Knee menisci are two disks of cartilage forming a “C” shape in between the tibia and femur, and act as a cushion to protect the knee joint from compressive forces. The meniscus is extremely durable and not usually injured from up and down forces, but is most at risk with rotational or twisting forces. Most injuries occur with a bent knee, and twisting motion when planting the leg into the ground.
Are all injuries to the meniscus the same?
Meniscus injuries can cause a few different types of tears
- Microtears or fraying in the meniscus structure
- “Bucket handle tear” where the meniscus tears around the C in a handle type presentation.
- Longitudinal tear down the length of the meniscus
- Horizontal tears across the meniscus
- Complicated tears involving a mixture of different types
Most meniscus injuries include complaints of pain at the knee joint line, usually increased after weight bearing. Even fraying or minimal injury to the menisci cause can cause these symptoms.
When should I consider having knee surgery for my meniscus tear?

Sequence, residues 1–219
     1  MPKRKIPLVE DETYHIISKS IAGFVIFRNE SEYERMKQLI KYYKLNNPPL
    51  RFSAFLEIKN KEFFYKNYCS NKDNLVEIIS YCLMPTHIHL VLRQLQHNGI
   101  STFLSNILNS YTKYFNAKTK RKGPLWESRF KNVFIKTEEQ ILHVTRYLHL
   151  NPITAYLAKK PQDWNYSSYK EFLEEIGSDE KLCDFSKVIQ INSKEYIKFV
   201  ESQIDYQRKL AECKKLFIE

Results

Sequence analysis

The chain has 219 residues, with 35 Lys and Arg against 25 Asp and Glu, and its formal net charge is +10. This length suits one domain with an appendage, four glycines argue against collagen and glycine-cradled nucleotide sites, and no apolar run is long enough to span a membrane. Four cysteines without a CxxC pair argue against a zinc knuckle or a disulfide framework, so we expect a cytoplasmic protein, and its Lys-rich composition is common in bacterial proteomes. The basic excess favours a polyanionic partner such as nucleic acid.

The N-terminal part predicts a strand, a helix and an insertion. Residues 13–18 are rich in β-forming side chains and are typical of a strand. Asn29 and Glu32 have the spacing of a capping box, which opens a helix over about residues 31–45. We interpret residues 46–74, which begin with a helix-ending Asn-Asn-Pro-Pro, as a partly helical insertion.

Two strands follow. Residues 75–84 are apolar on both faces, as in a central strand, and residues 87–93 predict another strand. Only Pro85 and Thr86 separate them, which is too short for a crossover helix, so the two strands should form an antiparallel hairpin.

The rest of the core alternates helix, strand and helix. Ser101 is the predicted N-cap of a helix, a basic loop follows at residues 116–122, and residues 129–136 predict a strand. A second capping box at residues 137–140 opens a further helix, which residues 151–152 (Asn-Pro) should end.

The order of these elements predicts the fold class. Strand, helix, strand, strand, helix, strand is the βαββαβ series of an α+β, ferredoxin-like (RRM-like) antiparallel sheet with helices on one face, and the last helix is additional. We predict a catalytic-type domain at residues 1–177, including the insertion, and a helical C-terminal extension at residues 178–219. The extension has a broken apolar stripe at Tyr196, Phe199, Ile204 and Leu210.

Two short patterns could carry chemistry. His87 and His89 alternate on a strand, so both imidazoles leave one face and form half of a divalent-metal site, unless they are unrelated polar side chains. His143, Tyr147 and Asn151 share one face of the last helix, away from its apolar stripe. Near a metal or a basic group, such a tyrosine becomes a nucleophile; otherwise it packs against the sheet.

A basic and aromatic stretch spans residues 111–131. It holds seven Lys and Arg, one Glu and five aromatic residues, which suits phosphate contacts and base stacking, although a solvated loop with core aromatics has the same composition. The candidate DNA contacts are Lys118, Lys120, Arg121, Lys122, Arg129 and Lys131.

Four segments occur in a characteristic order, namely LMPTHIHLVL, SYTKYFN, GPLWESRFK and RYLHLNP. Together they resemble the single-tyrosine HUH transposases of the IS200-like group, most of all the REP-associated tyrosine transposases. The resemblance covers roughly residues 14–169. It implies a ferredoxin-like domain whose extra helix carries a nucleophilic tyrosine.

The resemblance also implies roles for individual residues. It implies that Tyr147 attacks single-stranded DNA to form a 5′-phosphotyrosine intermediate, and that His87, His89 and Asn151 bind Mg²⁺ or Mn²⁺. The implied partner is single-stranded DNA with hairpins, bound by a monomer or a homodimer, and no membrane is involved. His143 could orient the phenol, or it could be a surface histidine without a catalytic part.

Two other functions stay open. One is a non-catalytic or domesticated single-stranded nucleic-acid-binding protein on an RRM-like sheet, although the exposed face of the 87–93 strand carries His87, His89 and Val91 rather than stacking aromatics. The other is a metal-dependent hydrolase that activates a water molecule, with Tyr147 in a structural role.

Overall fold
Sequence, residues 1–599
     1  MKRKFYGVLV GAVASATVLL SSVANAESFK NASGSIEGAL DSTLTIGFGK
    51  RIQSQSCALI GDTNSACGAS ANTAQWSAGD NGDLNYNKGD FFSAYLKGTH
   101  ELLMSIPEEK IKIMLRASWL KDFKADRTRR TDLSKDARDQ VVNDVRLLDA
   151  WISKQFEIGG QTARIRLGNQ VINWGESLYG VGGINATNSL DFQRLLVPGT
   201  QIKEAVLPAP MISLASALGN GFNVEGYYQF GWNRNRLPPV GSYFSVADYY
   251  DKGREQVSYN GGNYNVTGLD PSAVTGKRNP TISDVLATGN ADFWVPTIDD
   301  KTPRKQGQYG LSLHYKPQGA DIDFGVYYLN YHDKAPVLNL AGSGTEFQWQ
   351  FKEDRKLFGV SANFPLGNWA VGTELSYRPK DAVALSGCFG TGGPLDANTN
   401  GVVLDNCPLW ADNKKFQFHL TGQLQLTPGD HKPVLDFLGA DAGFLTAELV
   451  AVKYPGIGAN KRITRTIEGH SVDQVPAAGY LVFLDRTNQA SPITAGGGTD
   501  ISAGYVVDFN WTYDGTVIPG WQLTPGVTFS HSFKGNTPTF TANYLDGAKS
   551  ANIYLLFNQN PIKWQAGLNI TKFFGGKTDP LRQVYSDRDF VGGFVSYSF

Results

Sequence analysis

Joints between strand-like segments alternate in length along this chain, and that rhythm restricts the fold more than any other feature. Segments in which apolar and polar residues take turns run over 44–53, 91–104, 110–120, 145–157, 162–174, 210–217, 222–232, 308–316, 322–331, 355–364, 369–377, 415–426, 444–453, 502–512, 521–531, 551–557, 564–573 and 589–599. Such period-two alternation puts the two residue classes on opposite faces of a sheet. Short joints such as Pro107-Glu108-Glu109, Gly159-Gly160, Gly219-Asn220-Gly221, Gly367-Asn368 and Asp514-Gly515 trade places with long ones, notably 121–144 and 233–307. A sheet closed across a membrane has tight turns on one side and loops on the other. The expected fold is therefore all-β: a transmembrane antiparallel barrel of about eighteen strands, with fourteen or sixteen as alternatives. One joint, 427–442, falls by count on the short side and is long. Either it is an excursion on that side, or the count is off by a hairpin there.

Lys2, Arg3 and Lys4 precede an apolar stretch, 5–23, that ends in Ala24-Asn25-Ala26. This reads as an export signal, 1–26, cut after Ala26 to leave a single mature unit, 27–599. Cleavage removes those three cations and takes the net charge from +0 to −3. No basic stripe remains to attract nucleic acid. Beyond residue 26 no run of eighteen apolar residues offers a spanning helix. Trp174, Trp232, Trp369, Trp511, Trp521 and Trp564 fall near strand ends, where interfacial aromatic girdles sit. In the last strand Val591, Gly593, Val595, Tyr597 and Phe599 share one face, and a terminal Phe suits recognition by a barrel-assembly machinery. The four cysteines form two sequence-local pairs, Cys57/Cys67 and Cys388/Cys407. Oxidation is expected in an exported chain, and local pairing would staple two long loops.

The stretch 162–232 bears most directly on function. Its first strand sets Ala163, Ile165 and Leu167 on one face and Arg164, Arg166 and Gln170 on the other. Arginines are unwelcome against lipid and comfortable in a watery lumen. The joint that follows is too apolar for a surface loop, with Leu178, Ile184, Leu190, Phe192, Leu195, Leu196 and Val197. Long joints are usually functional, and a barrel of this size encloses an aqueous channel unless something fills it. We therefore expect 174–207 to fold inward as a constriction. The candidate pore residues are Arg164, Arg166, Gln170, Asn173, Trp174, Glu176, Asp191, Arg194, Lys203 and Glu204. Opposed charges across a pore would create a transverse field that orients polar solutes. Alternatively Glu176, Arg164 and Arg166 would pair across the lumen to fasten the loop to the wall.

More serious meniscus injuries including the knee “locking”, or bending and not being able to straighten right away. This happens when the meniscus catches in the knee as the bones glide overtop of each other. These types of injuries usually require some type of surgery.
What are the two types of meniscal surgery?
Surgeries for meniscus tears involve two main methods. The first is a meniscectomy, where the surgeon removes the damaged portion of the meniscus, and makes sure the parts are smoothly moving over each other. This is usually done when the damage is minimal.
The second surgery option, involves suturing the torn meniscus back into place. This involves larger tears, and is used for patients who want to return to their sport and have decreased risk for developing osteoarthritis later on.
Can physical therapy assist with my meniscal injury?
Yes! Physical therapy is shown to be effective for meniscal injuries, before and even after surgery!
Whether rehabilitating a meniscus after surgery or right after the initial injury, it is important to assess a number of factors that can aid in your recovery. This would include muscle strength at the hip and knee, swelling, ambulation, and range of motion. Meniscus injuries are tricky, and it pays to work with a medical professional, like a Physical Therapist, to navigate your rehab!